EspañolIf you want insights into the history of Claudia Paz y Paz, former attorney general of Guatemala (2010-2014), and what she symbolizes, look no further than the recent six-part series of reports from Steve Hecht and David Landau. These two men put painstaking work into unraveling the disparity between this woman’s image as a human-rights academic with Georgetown University in Washington, DC, and the reality on the ground back in Central America.
In particular, they detailed how she represents a continuation of the Marxist push for control over Guatemala, dating back to the multi-decade civil war, which on paper ended in 1996. Despite military defeat and minimal support at the polls, Hecht asserts, they simply changed tactics and sought to infiltrate the government through the backdoor, and that’s how Paz y Paz came to power.
“They expertly used the weakness of the system against the system,” he says. That is “a centralized government, a centralized economy” without the rule of law, where “corruption has been the norm.”
They found “plenty of naive Europeans who were ready to finance them,” and positioned themselves as corruption fighters — even though “they’re every bit as corrupt and probably more corrupt than the people that they’re fighting.”
Perhaps what disappoints him most is that many wealthy and powerful people in Guatemala have chosen to work with the guerrilla, and get protection from them, rather than oppose such a takeover.
[Thus] the indigenous people are, today, subject to basically guerrilla control.… These NGOs, created by the former subversives and financed mostly by Europe and given political backing by the Obama administration… They force them through criminal actions to support their agenda, which includes blocking roads, which includes kidnapping, which includes not letting police come into areas.… They have clandestine prisons; they have forced labor … and nobody pays attention.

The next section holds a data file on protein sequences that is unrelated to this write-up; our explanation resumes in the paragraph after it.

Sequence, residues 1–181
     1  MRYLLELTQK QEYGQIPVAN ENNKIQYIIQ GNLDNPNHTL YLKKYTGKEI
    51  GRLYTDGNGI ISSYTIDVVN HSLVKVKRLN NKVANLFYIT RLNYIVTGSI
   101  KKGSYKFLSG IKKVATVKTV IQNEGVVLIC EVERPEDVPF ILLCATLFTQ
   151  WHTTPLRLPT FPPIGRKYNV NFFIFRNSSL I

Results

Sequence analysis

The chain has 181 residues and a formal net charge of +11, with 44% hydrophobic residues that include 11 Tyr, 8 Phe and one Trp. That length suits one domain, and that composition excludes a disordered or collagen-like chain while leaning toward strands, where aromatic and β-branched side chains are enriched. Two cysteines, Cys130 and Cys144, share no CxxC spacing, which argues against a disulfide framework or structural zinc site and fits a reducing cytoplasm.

Hecht covered a lot of ground in half an hour of interview, but afterwards he wrote that he regretted not addressing the relevance to people in the United States. He also believes Colombians have much to learn from Guatemala’s struggles, as they grapple with their own malignant FARC guerrilla.
His primary concern is that US media fail to even address foreign policy towards Guatemala. The few who do, he says, lend support to Marxist insurgents, be that unwittingly or not. On the other hand, ideological adversaries of the guerrilla and the Obama administration tend to avoid the issue as something they do not understand.
We believe that the actions of the Obama administration here shed much light on their domestic policies and politics, and that the US public has been deprived of this information … which is one of the reasons Obama can so blatantly intervene in Guatemala to the detriment of the people of the United States.
Here is the six-part series, written to be easily understood by a US audience:
I: Unmasking Claudia Paz y Paz, Guatemala’s Human-Rights Diva
II: How the United Nations Did the Bidding of Guatemalan Guerrilla
III: Fired for Daring to Prosecute Extortion in Rural Guatemala
IV: Fabricating Genocide to Bring Down Ríos Montt
V: The US Ambassador Who Covered for a Corrupt Guatemalan Judge
VI: The Truth about Claudia Paz y Paz’s Reign over Guatemala
Find more of Hecht’s work with the Liga ProPatria Foundation, which advocates for the rule of law in Guatemala. Hecht also recommends, for Spanish readers, a book by historian and sociologist Carlos Sabino of Francisco Marroquín University: Guatemala, la historia silenciada (1944-1989).
Hecht supports open debate, particularly on university campuses, and he would like to see a dialogue at Georgetown University over whom they have selected as their “distinguished scholar in residence.” Further, he was glad to spar with Luis Eduardo Barrueto, who wrote a letter to dispute the report series. Read: “In Defense of Claudia Paz y Paz,” which includes a response from Hecht.